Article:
7 in 10 Kentuckians Support Smoke-Free Law
Secondhand smoke caused by smokers in indoor places causes significant health problems for nonsmokers, Interact for Health said in a news release this week. The organization cited ear infections, asthma attacks and respiratory infections in children, and heart disease, lung cancer and stroke in adults, as symptoms and effects.
For the past six years, the Kentucky Health Issues Poll (KHIP), sponsored by Interact for Health and the Foundation for a Healthy Kentucky, has tracked Kentucky adults’ opinions about a statewide smoke-free law. In 2016, KHIP found the highest level of support for a comprehensive statewide law in Kentucky since the poll began asking this question. More than 7 in 10 Kentucky adults (71 percent) favored such a law. Fewer than 3 in 10 (25 percent) opposed such a law.
A law that provides for smoke-free indoor air in workplaces (private and government), restaurants and bars, is called a comprehensive law. The District of Columbia and 27 states have such laws. Kentucky does not have such a law. "Current local laws protect only 1 in 3 Kentuckians from secondhand-smoke exposure," said Megan Folkerth, Program Officer, Interact for Health.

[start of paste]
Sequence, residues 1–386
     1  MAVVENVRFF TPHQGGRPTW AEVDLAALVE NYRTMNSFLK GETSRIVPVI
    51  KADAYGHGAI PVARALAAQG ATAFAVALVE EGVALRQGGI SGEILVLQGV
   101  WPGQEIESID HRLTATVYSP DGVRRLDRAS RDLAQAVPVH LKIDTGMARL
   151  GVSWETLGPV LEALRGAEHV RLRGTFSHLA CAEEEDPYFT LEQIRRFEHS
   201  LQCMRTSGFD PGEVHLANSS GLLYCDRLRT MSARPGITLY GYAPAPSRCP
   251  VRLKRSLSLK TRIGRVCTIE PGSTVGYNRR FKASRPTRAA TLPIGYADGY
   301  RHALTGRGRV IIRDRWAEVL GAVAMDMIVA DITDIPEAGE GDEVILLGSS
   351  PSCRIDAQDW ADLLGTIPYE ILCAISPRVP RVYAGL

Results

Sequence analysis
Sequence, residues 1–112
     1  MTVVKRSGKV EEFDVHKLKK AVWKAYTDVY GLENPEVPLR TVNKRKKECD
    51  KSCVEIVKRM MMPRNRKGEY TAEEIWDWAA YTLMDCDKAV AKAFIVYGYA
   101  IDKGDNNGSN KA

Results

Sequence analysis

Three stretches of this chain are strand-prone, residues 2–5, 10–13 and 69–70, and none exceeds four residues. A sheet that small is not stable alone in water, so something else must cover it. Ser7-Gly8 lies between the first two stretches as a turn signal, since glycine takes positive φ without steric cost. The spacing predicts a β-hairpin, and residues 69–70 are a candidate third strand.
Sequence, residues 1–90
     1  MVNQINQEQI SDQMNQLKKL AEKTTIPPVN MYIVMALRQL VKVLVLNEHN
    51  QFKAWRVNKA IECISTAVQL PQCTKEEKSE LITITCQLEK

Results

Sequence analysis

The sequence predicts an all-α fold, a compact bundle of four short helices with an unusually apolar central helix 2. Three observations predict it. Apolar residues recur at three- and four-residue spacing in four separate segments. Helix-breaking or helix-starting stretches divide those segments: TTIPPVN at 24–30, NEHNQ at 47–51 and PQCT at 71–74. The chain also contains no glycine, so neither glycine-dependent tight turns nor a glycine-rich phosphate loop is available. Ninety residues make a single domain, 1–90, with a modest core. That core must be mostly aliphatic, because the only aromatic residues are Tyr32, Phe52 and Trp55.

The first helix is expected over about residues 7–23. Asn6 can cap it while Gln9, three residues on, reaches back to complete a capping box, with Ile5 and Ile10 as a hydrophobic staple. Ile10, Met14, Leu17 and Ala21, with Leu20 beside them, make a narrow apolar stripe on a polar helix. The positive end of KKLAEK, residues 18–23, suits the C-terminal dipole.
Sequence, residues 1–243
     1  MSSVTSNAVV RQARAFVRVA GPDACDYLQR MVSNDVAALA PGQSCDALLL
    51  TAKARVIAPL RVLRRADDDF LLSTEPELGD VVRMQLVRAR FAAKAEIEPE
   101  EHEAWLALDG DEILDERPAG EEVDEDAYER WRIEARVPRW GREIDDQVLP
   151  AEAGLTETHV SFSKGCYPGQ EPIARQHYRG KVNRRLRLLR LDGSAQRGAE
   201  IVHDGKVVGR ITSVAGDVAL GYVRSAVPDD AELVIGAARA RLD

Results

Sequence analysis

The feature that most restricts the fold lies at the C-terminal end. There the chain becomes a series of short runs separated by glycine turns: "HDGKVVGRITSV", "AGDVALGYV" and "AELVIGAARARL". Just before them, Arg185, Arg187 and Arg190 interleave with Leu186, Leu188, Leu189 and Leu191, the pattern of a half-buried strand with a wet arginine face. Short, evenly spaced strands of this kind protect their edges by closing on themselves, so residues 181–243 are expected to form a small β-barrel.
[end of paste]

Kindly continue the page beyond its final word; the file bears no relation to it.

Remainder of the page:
“These data help us determine the issues Kentucky adults are facing and how to best focus our efforts to serve their needs,” said Dr. O'dell M. Owens, president/CEO of Interact for Health. “These results show that there is strong support for making a change in our laws in Kentucky for the good of all residents."
Support strong across Kentucky
More than 7 in 10 Kentucky adults in the Lexington (82 percent), Louisville (74 percent), and Northern Kentucky (73 percent) areas favored a statewide smoke-free law. Most adults in eastern (69 percent) and western Kentucky (65 percent) also supported a statewide smoke-free law.
Most Democrats, Independents, and Republicans favor law
Majorities of Democrats (76 percent), Independents (72 percent) and Republicans (68 percent) reported support for a statewide smoke-free law.
Support differs by smoking status
More than 8 in 10 Kentucky adults who have never smoked (85 percent) favored a smoke-free law. Seven in 10 former smokers (73 percent) also supported a law. About 4 in 10 current smokers (41 percent) favored a smoke-free law. The 2016 KHIP found that 21 percent of Kentucky adults reported being current smokers.
More information about Kentuckians’ opinions about a statewide smoke-free law, and other topics, is available at www.interactforhealth.org/